US10137575B2 (en) 2006-06-29 2018-11-27 Intuitive Surgical Operations, Inc. Synthetic representation of a surgical robot
US9801690B2 (en) 2006-06-29 2017-10-31 Intuitive Surgical Operations, Inc. Synthetic representation of a surgical instrument
US10271912B2 (en) 2007-06-13 2019-04-30 Intuitive Surgical Operations, Inc. Method and system for moving a plurality of articulated instruments in tandem back towards an entry guide
US20100274087A1 (en) * 2007-06-13 2010-10-28 Intuitive Surgical Operations, Inc. Medical robotic system with coupled control modes
US9333042B2 (en) 2007-06-13 2016-05-10 Intuitive Surgical Operations, Inc. Medical robotic system with coupled control modes
US10188472B2 (en) 2007-06-13 2019-01-29 Intuitive Surgical Operations, Inc. Medical robotic system with coupled control modes
US9469034B2 (en) 2007-06-13 2016-10-18 Intuitive Surgical Operations, Inc. Method and system for switching modes of a robotic system
US8620473B2 (en) * 2007-06-13 2013-12-31 Intuitive Surgical Operations, Inc. Medical robotic system with coupled control modes
US9629520B2 (en) 2007-06-13 2017-04-25 Intuitive Surgical Operations, Inc. Method and system for moving an articulated instrument back towards an entry guide while automatically reconfiguring the articulated instrument for retraction into the entry guide
US9138129B2 (en) 2007-06-13 2015-09-22 Intuitive Surgical Operations, Inc. Method and system for moving a plurality of articulated instruments in tandem back towards an entry guide
US9901408B2 (en) 2007-06-13 2018-02-27 Intuitive Surgical Operations, Inc. Preventing instrument/tissue collisions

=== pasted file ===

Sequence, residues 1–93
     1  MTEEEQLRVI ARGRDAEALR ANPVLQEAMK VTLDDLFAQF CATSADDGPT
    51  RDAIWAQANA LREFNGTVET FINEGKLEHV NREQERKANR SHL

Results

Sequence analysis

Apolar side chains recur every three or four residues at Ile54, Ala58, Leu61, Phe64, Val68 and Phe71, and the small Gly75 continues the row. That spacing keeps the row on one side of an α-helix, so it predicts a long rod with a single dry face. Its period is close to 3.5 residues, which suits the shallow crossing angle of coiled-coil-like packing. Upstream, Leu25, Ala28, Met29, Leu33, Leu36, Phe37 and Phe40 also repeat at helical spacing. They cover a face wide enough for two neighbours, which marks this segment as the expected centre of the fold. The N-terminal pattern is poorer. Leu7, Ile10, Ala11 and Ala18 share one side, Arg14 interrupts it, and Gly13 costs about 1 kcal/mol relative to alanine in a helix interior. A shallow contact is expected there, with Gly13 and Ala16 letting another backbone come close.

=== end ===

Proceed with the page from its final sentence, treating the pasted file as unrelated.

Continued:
US9516996B2 (en) 2008-06-27 2016-12-13 Intuitive Surgical Operations, Inc. Medical robotic system providing computer generated auxiliary views of a camera instrument for controlling the position and orienting of its tip
US8864652B2 (en) 2008-06-27 2014-10-21 Intuitive Surgical Operations, Inc. Medical robotic system providing computer generated auxiliary views of a camera instrument for controlling the positioning and orienting of its tip
US9717563B2 (en) 2008-06-27 2017-08-01 Intuitive Surgical Operations, Inc. Medical robotic system providing an auxilary view including range of motion limitations for articulatable instruments extending out of a distal end of an entry guide
US10258425B2 (en) 2008-06-27 2019-04-16 Intuitive Surgical Operations, Inc. Medical robotic system providing an auxiliary view of articulatable instruments extending out of a distal end of an entry guide
US9089256B2 (en) 2008-06-27 2015-07-28 Intuitive Surgical Operations, Inc. Medical robotic system providing an auxiliary view including range of motion limitations for articulatable instruments extending out of a distal end of an entry guide
US10368952B2 (en) 2008-06-27 2019-08-06 Intuitive Surgical Operations, Inc. Medical robotic system providing an auxiliary view including range of motion limitations for articulatable instruments extending out of a distal end of an entry guide
US8583274B2 (en) 2008-09-26 2013-11-12 Intuitive Surgical Operations, Inc. Method for graphically providing continuous change of state directions to a user of medical robotic system
US8892224B2 (en) 2008-09-26 2014-11-18 Intuitive Surgical Operations, Inc. Method for graphically providing continuous change of state directions to a user of a medical robotic system
US10282881B2 (en) 2009-03-31 2019-05-07 Intuitive Surgical Operations, Inc. Rendering tool information as graphic overlays on displayed images of tools
US10271915B2 (en) 2009-08-15 2019-04-30 Intuitive Surgical Operations, Inc. Application of force feedback on an input device to urge its operator to command an articulated instrument to a preferred pose